Don’t Let Insurance Fraud Devastate Your Financial Plans

You’re probably familiar with the concept of insurance fraud, since it has been around for a long time. The earliest recorded instance involves a merchant intentionally sinking his ship in 300 B.C.! The merchant drowned in the process. 

 You might be surprised at the negative effects insurance fraud can have on your financial future and that of your loved ones. This type of fraud affects policyholders, insurance companies, and investors. 

 It’s not always easy to protect yourself from insurance fraud. This guide explains some of the most common fraud scenarios so you can beware of anything that looks suspicious in your insurance dealings. 

 While fraud exists in every type of insurance, this discussion is about life insurance. 


 Insurance fraud exists in two basic forms: buyer fraud and seller fraud. 


Buyer Fraud 

False medical information. This occurs when the insured give false information about pre-existing medical conditions or health habits, like smoking, for example. The applicant is then able to obtain a policy with lower premiums or obtain a policy that might have been denied otherwise.

  • If the insured dies, their family might be denied the proceeds of the policy.

Post-dated policy. This is much more difficult to successfully pull-off now and usually requires the knowledge and assistance of an insurance agent. A policy is issued after a person’s death but is made to appear to have been issued before that death.  

  • Paying fraudulent claims hurts the insurance company and their investors.

Lack of insurable interest. This occurs when someone insures another person that they have no business insuring, like if you insured your neighbor, for example. Insurance exists to protect someone from financial loss. If you wouldn’t suffer a financial loss from someone’s death, you can’t insure them to your eventual benefit.

Suicide. It’s against the law to obtain a life insurance policy with the intention of committing suicide. It’s also against the law to commit suicide with the intention of making it look like an accident so an insurance policy can be collected upon.  

  • While many policies do pay in the event of suicide, it’s only after a specified period of time has passed since the policy was issued.

Faking Death. This is largely self-explanatory. The insured fakes his death so the insurance payout can be collected and enjoyed by loved ones or the insured. It’s difficult to hide these days, but some still attempt this type of fraud.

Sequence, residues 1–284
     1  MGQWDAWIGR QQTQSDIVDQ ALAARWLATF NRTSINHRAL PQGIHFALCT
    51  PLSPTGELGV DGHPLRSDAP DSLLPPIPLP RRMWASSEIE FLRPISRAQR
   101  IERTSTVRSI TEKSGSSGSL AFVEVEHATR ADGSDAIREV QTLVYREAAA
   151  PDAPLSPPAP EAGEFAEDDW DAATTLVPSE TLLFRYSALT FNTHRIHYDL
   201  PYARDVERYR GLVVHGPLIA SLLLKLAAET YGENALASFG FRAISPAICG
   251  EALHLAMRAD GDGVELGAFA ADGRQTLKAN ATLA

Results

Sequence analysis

Seller Fraud 

 Fake companies. In this type of fraud, a company portrays itself as an insurance company. It issues policies and collects premiums, but never intends to pay on any insurance claims. They simply pocket the premiums and continue doing so for as long as possible. 


  • Do your research before purchasing any policy to ensure that the company is legitimate. Check the website of your State Board of Insurance to determine if the company is licensed to do insurance business in your state and the company’s status in other areas, like claims complaints.

Churning. Churning can be common in any industry where commissions are at stake. An insurance agent encourages his clients to buy a policy, cancel it, and repurchase. The agent can collect greater commissions this way.

Premium theft. This is less common with the automated payment systems in use now, but can still occur. The insurance agent pockets the premium and never gives the money to the company underwriting the policy. The agent gets the premiums, and the policy is cancelled for non-payment.  

  • To protect yourself from an unsavory agent like this, make your check payable only to the insurance company and check to see who cashes it.

Over coverage. Here the agent encourages the client to purchase more insurance than they need. The intention is to collect larger commissions at the client’s expense.


Insurance fraud has varying effects, depending on the type of fraud:  

  • Buyer fraud tends to affect everyone associated with the insurance company, since the costs are spread to everyone. This includes policyholders, investors, and even the company’s employees.
  • Seller fraud typically affects individual policyholders and their families or other beneficiaries. 


 Be smart with insurance transactions and you can be confident that your insurance will be there to help protect you and your loved ones. 


Schedule a consultation with to safely make your financial plans. 

On January 27th, I’ll be discussion senior citizens targeting and fraud protection on Clubhouse. Make sure you follow @ 

Do you suspect you’ve been a victim of fraud?

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